“At birth, you are given a pair of binoculars that see black life from a distance, never with the texture of intimacy.”
– Michael Eric Dyson, What White America Fails To See
I don’t know what to say, honestly.
Too many people have died because of hatred and violence and bias and panic and tension. One person is too many. And I don’t know what to say.
So I’ll do what I know how and write. I will add my small voice to the cacophony.
As a privileged, straight, white woman with a privileged, straight, white family, I don’t and I can’t know what it’s like to live with a constant and legitimate fear for my life because of my skin color or because of who I love. But I can step forward and add my voice.
I read a comment on a post yesterday that said something to the effect of this: Women are the ones who are speaking out and fighting against the perpetuation of rape culture, but it really needs to be a complete conversation. It needs to be men speaking to other men, leading the charge, teaching one another about consent. Just as in that fight, this fight must be a complete conversation.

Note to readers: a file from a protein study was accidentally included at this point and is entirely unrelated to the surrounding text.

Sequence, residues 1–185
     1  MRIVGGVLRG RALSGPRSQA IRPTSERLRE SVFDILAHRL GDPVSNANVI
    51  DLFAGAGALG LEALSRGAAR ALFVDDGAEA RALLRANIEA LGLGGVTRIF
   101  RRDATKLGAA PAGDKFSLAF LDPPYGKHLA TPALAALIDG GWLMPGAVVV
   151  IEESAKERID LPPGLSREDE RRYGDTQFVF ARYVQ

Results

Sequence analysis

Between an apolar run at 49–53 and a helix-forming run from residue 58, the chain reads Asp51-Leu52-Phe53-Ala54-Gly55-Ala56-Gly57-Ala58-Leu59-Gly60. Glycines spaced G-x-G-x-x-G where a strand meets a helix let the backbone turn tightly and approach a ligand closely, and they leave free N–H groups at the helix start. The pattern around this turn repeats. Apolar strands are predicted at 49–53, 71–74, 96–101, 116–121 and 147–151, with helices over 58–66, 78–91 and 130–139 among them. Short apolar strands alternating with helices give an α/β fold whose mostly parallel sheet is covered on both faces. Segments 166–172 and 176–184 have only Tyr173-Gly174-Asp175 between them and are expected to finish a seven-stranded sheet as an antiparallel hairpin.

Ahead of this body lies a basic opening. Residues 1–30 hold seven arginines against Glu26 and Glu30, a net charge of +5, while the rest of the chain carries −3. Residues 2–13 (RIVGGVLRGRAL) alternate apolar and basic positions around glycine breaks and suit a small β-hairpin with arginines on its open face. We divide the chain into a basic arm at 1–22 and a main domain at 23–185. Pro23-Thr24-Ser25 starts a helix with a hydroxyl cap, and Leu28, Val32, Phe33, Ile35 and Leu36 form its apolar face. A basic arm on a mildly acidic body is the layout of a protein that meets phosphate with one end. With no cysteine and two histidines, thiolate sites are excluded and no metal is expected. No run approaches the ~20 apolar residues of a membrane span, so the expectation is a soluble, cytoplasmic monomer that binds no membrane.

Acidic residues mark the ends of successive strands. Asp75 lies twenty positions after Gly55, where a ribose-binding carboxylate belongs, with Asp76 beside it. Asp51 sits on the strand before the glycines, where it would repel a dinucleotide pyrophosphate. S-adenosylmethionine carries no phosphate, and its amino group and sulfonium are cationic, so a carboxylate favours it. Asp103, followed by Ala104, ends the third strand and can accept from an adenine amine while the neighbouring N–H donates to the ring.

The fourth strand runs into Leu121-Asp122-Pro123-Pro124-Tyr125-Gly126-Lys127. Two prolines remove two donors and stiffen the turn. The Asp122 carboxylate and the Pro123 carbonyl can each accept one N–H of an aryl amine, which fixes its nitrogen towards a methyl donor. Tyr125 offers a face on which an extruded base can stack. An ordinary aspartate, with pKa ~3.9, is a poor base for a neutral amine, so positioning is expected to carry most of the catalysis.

Silence is destructive. If I as a white woman do not strive to learn more about my own biases and combat them, if I do not open up conversations with my peers, if I cannot be bothered to speak up about the atrocities happening every day because of racism and discrimination… then I perpetuate the problem.
We must stand up and stand together. We must strive toward knowledge, toward wisdom. We must not only acknowledge our biases but actively pursue the expulsion of them. We must choose compassion. We must choose love. Otherwise, I know that we will drive one another apart, and – most disturbingly – there will continue to be an excessive loss of innocent life.
This is utter tragedy.
Alton Sterling. Philando Castile. Say their names.
Goddess Diamond. Jerry Williams. Say their names. Trayvon Martin. Eric Garner. Michael Brown. Say their names. Tamir Rice. Freddie Gray. Tanisha Anderson. Say their names.
Say their names, damn it.